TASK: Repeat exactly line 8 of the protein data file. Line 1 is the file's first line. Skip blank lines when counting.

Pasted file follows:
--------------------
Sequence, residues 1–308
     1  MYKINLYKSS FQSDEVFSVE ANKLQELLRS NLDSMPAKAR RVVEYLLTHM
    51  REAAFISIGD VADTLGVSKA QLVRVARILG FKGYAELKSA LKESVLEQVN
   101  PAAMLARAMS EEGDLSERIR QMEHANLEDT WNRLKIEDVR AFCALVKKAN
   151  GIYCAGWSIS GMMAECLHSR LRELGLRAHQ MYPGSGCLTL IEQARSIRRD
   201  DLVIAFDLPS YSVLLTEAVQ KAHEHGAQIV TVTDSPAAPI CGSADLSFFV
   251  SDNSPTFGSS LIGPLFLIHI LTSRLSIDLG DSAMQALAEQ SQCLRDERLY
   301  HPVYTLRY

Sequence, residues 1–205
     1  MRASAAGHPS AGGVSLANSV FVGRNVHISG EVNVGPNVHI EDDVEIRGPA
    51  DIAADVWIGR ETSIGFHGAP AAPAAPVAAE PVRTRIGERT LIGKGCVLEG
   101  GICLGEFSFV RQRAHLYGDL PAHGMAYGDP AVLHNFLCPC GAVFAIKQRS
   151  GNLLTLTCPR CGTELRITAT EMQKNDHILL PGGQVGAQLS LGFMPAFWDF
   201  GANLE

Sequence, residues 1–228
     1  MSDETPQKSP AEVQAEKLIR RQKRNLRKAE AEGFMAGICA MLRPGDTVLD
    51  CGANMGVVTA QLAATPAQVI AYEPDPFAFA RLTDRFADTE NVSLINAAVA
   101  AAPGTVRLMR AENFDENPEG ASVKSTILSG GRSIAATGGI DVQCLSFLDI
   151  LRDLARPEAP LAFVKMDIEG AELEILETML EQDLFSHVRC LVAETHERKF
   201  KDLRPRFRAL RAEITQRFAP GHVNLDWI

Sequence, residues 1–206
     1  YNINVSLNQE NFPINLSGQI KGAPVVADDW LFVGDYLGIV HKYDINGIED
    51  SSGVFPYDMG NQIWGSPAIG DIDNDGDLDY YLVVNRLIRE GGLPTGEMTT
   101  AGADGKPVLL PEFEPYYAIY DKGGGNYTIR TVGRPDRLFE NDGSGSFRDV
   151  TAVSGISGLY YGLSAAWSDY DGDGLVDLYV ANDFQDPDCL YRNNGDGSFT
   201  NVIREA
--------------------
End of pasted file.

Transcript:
   301  HPVYTLRY